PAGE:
Robin's Review: B+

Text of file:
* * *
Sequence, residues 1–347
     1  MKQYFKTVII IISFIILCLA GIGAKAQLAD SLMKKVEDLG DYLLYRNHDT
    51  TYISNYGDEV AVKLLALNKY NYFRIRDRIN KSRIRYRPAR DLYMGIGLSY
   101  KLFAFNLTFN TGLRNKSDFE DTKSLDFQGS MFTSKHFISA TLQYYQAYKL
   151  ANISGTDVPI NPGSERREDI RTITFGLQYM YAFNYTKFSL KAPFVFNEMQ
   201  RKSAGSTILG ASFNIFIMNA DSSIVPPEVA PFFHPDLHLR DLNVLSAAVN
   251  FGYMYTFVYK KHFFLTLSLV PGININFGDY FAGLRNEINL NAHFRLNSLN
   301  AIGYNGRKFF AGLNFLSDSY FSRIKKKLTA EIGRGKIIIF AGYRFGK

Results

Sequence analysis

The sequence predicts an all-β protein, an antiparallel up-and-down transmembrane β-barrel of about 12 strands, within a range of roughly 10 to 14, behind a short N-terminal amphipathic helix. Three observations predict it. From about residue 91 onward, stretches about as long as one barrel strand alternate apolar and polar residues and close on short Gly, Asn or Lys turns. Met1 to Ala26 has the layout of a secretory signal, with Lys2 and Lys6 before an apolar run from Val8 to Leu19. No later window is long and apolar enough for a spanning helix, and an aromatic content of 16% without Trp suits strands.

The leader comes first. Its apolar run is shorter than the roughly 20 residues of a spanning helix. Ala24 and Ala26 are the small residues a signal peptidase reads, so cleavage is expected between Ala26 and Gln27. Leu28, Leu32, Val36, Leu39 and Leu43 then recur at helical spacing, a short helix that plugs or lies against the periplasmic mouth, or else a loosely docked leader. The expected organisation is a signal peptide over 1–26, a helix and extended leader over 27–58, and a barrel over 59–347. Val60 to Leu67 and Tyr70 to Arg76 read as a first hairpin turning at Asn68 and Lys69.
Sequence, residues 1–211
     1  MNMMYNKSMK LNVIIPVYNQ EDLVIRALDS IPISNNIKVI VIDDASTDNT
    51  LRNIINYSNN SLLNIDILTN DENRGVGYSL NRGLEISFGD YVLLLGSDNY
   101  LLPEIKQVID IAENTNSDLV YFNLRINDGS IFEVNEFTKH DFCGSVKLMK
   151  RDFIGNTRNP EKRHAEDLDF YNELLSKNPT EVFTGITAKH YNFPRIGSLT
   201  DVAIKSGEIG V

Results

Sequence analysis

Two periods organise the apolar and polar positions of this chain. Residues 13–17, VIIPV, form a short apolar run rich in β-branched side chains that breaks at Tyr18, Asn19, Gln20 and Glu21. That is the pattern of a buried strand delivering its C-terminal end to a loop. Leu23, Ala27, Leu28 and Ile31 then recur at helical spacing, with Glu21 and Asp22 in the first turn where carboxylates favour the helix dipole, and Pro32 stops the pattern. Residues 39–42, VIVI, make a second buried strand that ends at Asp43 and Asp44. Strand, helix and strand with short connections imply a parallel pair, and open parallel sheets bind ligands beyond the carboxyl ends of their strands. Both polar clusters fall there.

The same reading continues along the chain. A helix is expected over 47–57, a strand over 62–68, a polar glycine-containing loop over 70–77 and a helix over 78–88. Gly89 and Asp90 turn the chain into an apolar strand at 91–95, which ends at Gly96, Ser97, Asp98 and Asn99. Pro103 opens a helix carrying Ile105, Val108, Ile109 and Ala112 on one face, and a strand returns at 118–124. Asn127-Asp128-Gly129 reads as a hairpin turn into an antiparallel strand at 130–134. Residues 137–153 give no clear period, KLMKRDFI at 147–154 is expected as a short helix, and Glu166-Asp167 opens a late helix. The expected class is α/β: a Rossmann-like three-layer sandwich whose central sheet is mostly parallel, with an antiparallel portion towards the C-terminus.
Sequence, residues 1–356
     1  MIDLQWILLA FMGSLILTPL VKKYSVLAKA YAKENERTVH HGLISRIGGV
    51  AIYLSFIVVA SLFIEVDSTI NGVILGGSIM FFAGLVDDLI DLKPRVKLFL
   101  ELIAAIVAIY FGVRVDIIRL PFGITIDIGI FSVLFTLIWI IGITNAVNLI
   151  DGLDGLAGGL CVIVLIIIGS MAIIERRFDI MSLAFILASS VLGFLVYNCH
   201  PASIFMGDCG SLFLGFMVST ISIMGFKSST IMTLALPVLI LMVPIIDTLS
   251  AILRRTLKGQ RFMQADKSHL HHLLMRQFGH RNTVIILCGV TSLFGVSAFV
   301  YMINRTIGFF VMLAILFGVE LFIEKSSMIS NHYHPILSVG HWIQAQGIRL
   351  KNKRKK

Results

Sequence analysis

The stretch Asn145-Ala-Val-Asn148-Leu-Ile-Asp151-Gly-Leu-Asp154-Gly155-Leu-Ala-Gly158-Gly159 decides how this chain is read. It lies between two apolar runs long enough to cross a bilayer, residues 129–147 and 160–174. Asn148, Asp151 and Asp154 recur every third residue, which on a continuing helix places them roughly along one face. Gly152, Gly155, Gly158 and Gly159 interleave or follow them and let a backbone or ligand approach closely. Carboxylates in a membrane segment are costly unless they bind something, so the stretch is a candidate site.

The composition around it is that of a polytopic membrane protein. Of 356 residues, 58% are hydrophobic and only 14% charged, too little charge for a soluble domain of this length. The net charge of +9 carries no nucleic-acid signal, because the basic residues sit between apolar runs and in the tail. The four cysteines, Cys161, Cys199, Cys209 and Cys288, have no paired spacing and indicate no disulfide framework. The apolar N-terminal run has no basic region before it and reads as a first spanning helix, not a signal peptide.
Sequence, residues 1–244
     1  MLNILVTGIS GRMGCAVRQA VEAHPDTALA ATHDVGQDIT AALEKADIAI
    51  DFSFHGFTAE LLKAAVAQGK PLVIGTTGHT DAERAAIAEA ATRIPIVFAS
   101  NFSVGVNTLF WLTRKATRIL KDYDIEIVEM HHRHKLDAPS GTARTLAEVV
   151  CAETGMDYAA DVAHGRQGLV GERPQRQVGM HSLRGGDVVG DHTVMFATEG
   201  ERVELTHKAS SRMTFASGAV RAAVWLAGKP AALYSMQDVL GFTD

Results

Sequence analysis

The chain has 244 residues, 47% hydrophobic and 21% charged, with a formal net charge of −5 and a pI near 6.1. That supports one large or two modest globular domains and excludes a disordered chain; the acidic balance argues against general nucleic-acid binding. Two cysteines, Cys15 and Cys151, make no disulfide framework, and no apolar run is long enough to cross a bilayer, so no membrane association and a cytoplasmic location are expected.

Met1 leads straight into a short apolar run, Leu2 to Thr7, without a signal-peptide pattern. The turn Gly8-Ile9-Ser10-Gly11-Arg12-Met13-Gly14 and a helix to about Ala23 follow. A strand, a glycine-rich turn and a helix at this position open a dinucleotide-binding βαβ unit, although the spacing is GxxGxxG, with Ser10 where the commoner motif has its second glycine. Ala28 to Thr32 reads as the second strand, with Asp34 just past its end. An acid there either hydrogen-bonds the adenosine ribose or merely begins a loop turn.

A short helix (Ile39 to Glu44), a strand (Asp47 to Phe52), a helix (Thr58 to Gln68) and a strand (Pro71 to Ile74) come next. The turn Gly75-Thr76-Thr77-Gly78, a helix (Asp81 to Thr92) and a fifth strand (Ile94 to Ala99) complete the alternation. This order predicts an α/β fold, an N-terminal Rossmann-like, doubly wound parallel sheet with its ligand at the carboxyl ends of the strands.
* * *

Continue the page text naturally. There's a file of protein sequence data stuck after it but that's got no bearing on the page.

I watched the theatrical trailer for “Mom and Dad” and my first thought was, “This looks whacked!” Then, I saw the movie. I stand by my original thought – it is whacked! And I mean that in a very good way, indeed. Writer-director Brian Taylor (previously known as “Taylor”) takes the idea of parental mayhem and explodes it. Everything, on the surface in the sleepy town, is idyllic until the moms and dads start behaving weirdly violent, but only toward their own kids. At first, the sickness appears to only affect a few parents. But, when the violence escalates to the school attended by Carly and Josh, the principal orders an evacuation. The problem is, all the moms and dads are waiting for their children and it is not to bring them milk and cookies. Brian Taylor’s story takes the premise of parental mass hysteria and fractures it between the darkly funny mayhem in general and the Ryan family, In particular. As the murderous spree in town takes hold, the focus becomes Carly and Josh’s fight to survive in the house that was, once, their home. Now, they face a trial of wits and survival against their previously loving mother and father. Nic Cage, in an outrageous role he is made for, and Selma Blair, who embraces her conflicted character of loving mom and enraged killer, lead a large cast of killers, victims and survivors. Their kids Carly and Josh are well played by Anne Winters and Zachary Arthur and stand equal to their elders as the battle of wits leans in favor of the kids. At just 84 minutes. “Mom and Dad” is tightly paced. imaginatively written and very funny, in a dark, dark way. Be aware that the mayhem may not be for everyone but fans of black comedy satire will have a ball.